Of all the Tier 1 actions, the one that seemed the most likely to actually result in plant modifications (albeit after 3 years) was the installation of reliable hardened vents for BWR Mark 1 and 2 containments. This recommendation is meant to address the problems seen at Fukushima following the station blackout in which the containment pressures grossly exceeded their design limits. The workers had difficulties in operating the vents and could not successfully relieve the pressure. Because it is not a currently-required design feature, the Task Force felt this was an appropriate recommendation back in July of last year, but the response from industry was “we do not have enough information to immediately impose this.” Oddly enough, the NRC has recognized this vulnerability since at least 1990, but never formally required the industry to rectify it. And after nearly eight months of discussion, the order that is expected to come from the NRC by March 11, 2012 will likely look exactly as it did at the beginning of this process, and they will have wasted that time arguing the merits of venting when they could have been discussing how to expedite the implementation of this key severe accident mitigation upgrade, or (heaven forbid) actually strengthened  it by also requiring vent filtration systems.

Despite initial estimates of completion by March 2015, the NRC’s revised plan is now to have all actions related to this venting order, as well as the other two orders, completed by no later than the start of 2017. The NRC blames this delay on, among other things, an unresolved “policy issue” of whether containment vents with or without filters should be required to operate under severe conditions. If this sounds counterintuitive, that’s because it should be obvious that a severe accident mitigation technique be capable of operating under severe accident scenarios. But this is “NRC world,” where “safety deferred” does not equate, at least in the minds of regulators and licensees, to “safety denied.”

Spent Fuel Safety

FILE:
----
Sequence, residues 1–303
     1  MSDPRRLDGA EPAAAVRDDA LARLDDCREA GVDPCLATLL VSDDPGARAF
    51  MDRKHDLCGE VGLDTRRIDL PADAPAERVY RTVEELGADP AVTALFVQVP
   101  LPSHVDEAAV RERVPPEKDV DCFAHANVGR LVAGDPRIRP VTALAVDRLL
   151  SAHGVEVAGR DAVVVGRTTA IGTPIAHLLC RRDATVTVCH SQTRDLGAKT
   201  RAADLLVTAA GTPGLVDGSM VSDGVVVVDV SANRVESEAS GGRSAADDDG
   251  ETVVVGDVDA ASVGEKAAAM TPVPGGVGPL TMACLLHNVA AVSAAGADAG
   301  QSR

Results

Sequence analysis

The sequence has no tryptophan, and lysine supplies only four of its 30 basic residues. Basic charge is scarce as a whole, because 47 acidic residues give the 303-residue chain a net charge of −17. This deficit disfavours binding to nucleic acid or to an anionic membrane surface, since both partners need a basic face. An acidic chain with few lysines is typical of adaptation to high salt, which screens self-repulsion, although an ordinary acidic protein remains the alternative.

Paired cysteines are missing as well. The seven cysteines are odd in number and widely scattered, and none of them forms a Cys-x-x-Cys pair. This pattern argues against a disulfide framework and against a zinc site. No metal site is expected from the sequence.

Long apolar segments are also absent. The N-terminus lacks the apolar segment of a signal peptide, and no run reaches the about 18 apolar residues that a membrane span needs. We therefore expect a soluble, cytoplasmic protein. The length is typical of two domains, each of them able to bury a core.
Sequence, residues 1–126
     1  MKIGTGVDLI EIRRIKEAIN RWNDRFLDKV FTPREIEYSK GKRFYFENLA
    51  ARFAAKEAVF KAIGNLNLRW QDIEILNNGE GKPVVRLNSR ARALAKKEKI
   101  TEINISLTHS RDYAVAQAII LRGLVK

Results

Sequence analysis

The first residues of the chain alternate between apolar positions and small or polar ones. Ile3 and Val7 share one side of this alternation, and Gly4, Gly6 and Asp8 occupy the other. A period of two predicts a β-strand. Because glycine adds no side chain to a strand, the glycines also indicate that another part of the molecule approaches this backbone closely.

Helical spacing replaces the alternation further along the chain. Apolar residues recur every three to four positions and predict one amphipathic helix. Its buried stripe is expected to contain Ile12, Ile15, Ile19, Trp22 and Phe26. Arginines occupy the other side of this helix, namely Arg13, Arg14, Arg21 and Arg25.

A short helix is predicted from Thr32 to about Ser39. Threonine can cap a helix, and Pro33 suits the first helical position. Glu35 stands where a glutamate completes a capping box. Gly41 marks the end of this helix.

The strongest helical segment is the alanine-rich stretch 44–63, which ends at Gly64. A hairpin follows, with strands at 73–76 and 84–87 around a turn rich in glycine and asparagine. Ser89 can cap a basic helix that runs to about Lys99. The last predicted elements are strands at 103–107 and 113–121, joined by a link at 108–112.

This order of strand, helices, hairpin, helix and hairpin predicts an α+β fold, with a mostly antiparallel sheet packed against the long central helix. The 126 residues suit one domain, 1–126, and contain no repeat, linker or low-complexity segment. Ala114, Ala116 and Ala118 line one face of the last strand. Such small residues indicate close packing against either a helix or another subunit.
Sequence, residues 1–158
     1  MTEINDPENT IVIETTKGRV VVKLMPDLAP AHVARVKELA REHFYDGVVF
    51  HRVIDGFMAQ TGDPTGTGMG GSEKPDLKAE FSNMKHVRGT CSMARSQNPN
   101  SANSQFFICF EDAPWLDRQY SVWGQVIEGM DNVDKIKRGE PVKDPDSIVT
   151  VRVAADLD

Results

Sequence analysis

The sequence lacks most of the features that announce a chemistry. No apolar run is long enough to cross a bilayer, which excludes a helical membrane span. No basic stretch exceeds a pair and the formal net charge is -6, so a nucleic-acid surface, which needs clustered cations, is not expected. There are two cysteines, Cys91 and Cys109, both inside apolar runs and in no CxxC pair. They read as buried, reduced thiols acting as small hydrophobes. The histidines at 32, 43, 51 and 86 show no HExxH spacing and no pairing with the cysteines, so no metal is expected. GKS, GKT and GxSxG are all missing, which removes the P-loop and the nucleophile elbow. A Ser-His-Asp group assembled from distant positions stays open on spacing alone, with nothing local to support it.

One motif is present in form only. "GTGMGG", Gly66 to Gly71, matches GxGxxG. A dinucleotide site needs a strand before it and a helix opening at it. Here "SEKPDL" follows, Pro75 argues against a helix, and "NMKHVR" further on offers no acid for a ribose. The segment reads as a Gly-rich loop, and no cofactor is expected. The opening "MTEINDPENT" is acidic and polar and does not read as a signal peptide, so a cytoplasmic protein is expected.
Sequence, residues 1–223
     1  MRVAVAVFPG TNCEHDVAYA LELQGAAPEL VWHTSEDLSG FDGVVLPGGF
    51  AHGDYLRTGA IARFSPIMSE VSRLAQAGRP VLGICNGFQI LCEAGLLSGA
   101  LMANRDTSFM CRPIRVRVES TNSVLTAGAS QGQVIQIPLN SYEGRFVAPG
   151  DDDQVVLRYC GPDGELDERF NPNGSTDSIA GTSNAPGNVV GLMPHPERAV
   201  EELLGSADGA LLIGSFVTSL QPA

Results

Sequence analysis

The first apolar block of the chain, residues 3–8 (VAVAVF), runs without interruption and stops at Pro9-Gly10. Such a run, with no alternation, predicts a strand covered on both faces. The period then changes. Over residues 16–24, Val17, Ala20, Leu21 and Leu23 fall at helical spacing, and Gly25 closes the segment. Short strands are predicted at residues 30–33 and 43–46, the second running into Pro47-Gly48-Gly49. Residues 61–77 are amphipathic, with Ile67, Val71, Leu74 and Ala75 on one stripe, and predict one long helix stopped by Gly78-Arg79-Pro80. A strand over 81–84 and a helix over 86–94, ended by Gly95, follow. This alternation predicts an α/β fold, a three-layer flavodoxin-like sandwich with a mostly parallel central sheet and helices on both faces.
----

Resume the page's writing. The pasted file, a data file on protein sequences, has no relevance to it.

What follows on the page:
With regard to spent fuel pool safety issues, reports have shown that even though the pools at the Fukushima plant survived relatively unscathed, there was ample confusion over the actual state of the pools, one of which contained freshly offloaded fuel and was at risk of overheating. Critical manpower and cooling water supplies were diverted to ensure that spent fuel pool cooling was maintained, while in hindsight other critical systems suffered. The Task Force felt this was a valuable lesson and recommended that reactor sites should install reliable safety-related instrumentation to monitor key pool parameters such as water level, temperature, and area radiation levels from the control room. Not surprisingly, the industry felt this was asking too much. Instead of “safety-related,” which ensures certain safety-engineering requirements are met, they would rather it just be “reliable.” And instead of having layers of potentially useful information (water level, temperature, radiation levels), they reasoned that knowing only the water level should be sufficient. The NRC staff listened and the order language looks uncomfortably similar to these suggestions. It is not clear if the plans they’ve formulated will prevent them from having to throw an unnecessary “Hail Mary” pass during a severe accident scenario in order to protect the spent fuel from overheating.